I really loved this guy, and now that he’s gone, I worry about Venezuela.
There’s a reason for the cult of personality. There seem to be phases, in revolutions and national-liberation struggles, when finding the right person is important. It’s not the only thing, it’s not the biggest thing, but it matters.
I suppose you could say that there any number of right people out there, and one of them will surely come to the fore if conditions are right.
Maybe that’s true. I’m sure it’s true that there are plenty of right people out there — mute inglorious Chavezes. I’m not so certain that they will surely come to the fore, or not any time soon, anyway.
So I’m sorry, very sorry, that Hugo is gone. He was definitely the right person, and immensely likable too, I thought. Remember his encounter with the King Of Spain?
My pensive mood, after I read of his death, was rudely interrupted by a first-class creep on one of my lefty mailing lists — let’s call him Zircon — who took the opportunity to piss on Hugo as an ‘authoritarian’ and compare him with Kim III in Korea — or is it IV now?
You’ve gotta admire these finger-wagging American leftists, if only for chutzpah. They’re quite happy to tell our subjects just how they should and should not go about kicking us out. Along these lines, Zircon has a carefully worked-out list of things the Cuban, Nicaraguan, and Venezuelan upsurges should have done, and didn’t.
And here’s what he thinks ‘we’ should do:
I think we should defend the sovereignty of countries like Venezuela or Cuba but not fall into the trap of assuming that means we must support people like Hugo or Fidel or Daniel [sc Ortega — ed.]. Instead we should argue for the extension of democratic rights to all.
Not to be too obvious or anything, but Fidel and Hugo, and yes, even Daniel, back in the day, did a bit more than ‘argue’.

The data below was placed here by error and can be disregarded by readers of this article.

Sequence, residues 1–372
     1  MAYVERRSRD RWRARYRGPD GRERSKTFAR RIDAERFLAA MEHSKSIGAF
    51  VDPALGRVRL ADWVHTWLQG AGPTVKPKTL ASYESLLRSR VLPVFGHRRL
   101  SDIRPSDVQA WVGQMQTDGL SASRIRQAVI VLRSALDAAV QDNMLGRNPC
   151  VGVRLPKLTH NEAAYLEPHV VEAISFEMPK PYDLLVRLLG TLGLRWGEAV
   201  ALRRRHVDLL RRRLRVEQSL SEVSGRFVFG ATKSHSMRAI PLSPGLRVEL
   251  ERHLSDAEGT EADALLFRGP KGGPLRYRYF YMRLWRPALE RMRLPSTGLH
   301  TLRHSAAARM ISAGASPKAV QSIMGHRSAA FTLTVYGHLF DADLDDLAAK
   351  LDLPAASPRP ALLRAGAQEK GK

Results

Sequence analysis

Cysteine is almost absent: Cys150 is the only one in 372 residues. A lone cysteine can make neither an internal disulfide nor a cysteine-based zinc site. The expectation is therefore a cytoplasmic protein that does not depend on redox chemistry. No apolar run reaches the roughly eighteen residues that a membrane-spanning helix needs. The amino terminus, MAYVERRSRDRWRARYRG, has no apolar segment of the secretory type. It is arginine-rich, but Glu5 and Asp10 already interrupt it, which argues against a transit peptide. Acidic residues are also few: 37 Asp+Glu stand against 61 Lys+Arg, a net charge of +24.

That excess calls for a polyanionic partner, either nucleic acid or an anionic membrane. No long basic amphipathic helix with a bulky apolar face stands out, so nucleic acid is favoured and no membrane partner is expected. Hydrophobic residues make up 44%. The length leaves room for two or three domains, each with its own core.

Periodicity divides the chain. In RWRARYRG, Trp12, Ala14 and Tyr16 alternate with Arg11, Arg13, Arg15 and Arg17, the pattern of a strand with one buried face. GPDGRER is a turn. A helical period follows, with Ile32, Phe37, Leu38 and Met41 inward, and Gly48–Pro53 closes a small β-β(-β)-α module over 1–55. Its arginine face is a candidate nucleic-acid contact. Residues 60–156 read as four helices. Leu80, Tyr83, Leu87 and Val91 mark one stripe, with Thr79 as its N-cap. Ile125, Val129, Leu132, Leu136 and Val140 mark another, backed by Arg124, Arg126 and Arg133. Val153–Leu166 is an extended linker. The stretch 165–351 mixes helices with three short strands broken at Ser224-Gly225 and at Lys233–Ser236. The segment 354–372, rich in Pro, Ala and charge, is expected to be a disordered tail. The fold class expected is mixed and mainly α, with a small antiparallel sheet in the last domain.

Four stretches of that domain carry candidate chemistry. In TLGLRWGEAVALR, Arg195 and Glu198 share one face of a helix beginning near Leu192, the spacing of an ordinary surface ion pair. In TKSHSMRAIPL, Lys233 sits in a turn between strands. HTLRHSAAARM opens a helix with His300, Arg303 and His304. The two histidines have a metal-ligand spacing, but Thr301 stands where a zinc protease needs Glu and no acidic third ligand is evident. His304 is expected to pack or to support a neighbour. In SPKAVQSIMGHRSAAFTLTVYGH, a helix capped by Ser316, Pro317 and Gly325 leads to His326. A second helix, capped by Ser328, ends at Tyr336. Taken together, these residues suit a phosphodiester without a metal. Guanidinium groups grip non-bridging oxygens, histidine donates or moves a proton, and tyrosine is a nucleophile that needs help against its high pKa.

And ‘we’ should defend their right to revolt, but not their actual revolutions — unless, of course, they come up to our high universalist standards about ‘democratic rights’, whatever those might be. Don’t hold your breath.
Indeed, this gibberish phrase, ‘democratic rights’, seems to be Zircon’s conceptual touchstone, though it makes no sense at all.
Democracy, on any informed understanding of the term, is the negation of ‘rights’. Democracy means that the people rule. They give rights, and they take them away, as their good sovereign pleasure dictates. If you’re really into ‘rights’, you have no use for democracy; and vice versa.
But probably what Zircon really means by ‘democratic rights’ is the same thing that old Dr Karl called ‘parliamentary cretinism’: the right to cast a vote for your next slavemaster. You’ll be whipped no matter what, but you can collectively choose which hand holds the lash. Ain’t that America, as the song says.
Venezuela, during the Chavez years, was a much more interesting place than the US, in spite of the latter’s devotion to Zircon’s notion of ‘democratic rights’. Certainly more democratic; and in fact, I’d say people in Venezuela had more rights.
Sit levis terra tibi, Hugo.